Defense attorneys for the Catholic Archdiocese of Philadelphia official accused of endangering the welfare of a man set to testify today that he was abused by a defrocked priest will have to take their chances that prosecutors might be able to tell the jury about the ex-cleric’s guilty plea.
Philadelphia Common Pleas Judge M. Teresa Sarmina said Tuesday she would not prospectively rule on whether prosecutors could introduce defrocked priest Edward V. Avery’s guilty plea to sexually abusing D.G. until after cross-examination is conducted by the attorneys for Monsignor William J. Lynn. The Legal is not naming the alleged victims.
Lynn is on trial for allegedly endangering the welfare of the 10-year-old Avery abused, endangering the welfare of a 14-year-old whom the Rev. James J. Brennan, a co-defendant in the trial, allegedly tried to sexually abuse, and conspiring with Avery and Brennan to endanger the two youths. Lynn’s job from 1992 to 2004 as the archdiocese’s secretary for clergy was to serve as the personnel director for priests and to investigate and monitor priests who were reported to have sexually abused youths.
Sarmina suggested that Lynn’s defense attorneys make a motion that, if prosecutors do want to introduce the evidence of Avery’s guilty plea to counteract the defense cross-examination of D.G., that they need to bring in Avery in person.
Having Avery testify in person that he entered a guilty plea might raise the issue of Lynn’s constitutional Sixth Amendment rights, Sarmina said.
Evidence regarding Avery, who pled guilty to sexually abusing a 10-year-old boy just before the trial started, started Monday and is slated to continue today. Until his guilty plea, Avery had been a co-defendant of Lynn in the case.
Prosecutor Patrick Blessington said that, if D.G.’s credibility is impeached, that it would be fundamentally unfair to not introduce Avery’s guilty plea to abusing D.G.
But Lynn’s defense attorney, Thomas A. Bergstrom of Buchanan Ingersoll & Rooney, said that his co-counsel and he would be cross-examining D.G. at their own peril because Lynn and Avery are charged with conspiring together to endanger D.G.’s welfare.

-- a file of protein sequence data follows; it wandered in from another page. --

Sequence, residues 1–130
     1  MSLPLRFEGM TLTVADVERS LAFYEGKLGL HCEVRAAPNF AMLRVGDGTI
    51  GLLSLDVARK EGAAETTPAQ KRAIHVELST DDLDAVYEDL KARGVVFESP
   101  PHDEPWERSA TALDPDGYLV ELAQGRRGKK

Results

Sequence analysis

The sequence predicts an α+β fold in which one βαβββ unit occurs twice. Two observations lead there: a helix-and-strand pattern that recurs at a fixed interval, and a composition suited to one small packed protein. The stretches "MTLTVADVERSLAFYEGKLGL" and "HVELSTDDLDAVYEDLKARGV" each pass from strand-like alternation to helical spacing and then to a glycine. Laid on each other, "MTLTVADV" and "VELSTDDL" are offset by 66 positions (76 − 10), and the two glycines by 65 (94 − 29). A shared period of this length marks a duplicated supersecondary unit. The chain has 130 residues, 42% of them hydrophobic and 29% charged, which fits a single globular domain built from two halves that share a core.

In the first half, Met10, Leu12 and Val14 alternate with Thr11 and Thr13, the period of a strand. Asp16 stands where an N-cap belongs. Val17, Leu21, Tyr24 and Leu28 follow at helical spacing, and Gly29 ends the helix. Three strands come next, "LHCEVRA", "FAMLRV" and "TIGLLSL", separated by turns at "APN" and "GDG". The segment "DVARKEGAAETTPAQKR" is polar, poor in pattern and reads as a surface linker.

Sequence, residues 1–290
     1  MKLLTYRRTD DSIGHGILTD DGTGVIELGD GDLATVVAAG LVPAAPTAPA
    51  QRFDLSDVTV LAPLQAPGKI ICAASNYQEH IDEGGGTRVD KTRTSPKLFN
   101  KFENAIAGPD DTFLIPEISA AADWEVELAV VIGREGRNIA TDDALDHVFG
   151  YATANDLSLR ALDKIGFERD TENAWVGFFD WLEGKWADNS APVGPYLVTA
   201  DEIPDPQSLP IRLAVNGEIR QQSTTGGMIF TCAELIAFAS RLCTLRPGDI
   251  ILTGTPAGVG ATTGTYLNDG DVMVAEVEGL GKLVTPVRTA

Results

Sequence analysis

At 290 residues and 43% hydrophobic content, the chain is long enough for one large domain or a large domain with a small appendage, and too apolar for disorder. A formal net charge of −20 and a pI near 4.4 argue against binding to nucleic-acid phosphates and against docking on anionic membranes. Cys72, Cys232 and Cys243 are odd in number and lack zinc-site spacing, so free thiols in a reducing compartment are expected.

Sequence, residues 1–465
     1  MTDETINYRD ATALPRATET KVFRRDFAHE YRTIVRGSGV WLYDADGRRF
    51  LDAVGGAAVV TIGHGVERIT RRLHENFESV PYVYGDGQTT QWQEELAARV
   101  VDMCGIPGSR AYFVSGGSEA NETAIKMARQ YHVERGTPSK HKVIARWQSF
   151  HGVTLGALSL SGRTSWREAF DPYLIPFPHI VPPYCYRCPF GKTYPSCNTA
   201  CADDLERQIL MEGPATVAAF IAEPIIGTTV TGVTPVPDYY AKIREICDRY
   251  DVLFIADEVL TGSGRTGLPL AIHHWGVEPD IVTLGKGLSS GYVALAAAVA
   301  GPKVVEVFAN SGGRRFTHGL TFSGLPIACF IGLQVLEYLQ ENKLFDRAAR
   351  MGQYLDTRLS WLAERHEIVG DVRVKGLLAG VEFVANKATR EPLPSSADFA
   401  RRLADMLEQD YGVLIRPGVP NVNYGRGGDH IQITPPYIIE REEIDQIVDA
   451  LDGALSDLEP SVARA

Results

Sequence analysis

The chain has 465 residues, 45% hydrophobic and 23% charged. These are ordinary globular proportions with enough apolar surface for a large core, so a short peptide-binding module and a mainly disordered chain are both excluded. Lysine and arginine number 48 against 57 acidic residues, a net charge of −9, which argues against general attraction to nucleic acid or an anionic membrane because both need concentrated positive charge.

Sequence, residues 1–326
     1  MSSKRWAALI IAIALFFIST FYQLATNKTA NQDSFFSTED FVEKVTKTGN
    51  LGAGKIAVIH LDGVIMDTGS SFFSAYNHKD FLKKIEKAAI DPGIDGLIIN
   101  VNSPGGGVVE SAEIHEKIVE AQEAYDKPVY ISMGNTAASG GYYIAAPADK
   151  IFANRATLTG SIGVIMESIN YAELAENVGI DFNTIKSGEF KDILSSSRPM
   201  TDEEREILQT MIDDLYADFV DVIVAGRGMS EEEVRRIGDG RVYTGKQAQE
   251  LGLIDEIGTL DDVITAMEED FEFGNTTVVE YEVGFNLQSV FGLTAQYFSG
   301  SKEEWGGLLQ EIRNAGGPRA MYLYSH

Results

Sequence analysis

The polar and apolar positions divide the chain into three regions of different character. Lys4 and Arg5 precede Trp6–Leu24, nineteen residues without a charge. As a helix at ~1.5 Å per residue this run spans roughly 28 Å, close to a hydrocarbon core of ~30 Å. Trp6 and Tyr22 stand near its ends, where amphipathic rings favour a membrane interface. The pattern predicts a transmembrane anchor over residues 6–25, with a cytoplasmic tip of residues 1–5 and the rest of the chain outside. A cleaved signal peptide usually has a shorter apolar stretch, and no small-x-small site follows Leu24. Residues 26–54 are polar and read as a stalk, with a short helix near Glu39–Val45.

Sarmina did say that, if only a court reporter is called to read a transcript to the jury about Avery’s guilty plea, that the court reporter could only indicate Avery pled guilty to sexual abuse, not that Avery also pled guilty to conspiracy. But Sarmina said she did not know yet, if Avery is called in person, if the parameters of his testimony would be limited just to the sexual abuse charge.
Another issue in the case is if the reports from five people in 2010 that they were abused sexually by Avery can be admitted into evidence in order to bolster the prosecution’s case.
That issue will be addressed later.
Prosecutors want to use the evidence of those other alleged victims not against Avery, who already pled guilty to the first-degree felony of involuntary deviate sexual intercourse, but against Lynn. Prosecutors said those other victims would bolster their argument that Avery was a powder keg waiting to explode into further sexual abuse. Defense attorneys said no church official had any idea of these five victims until 2010, which was six years after Lynn was the secretary for clergy.
After Avery’s guilty plea was taken, he was immediately sentenced to serve 30 to 60 months in prison as part of a negotiated plea deal with prosecutors, The Legal previously reported.
Avery’s guilty plea encompasses his act of engaging in oral sex with a 10-year-old in the spring of 1999 while he was a priest at St. Jerome Parish in Philadelphia, The Legal previously reported.
Avery’s guilty plea also encompasses that he, Lynn and other archdiocese officials acted in concert with Avery “with a common purpose to conceal Avery’s known acts of sexual abuse of [another] minor [than the one Avery abused in 1999]” so Avery could remain in ministry and in contact with altar servers and other children without the knowledge of the parishioners, The Legal previously reported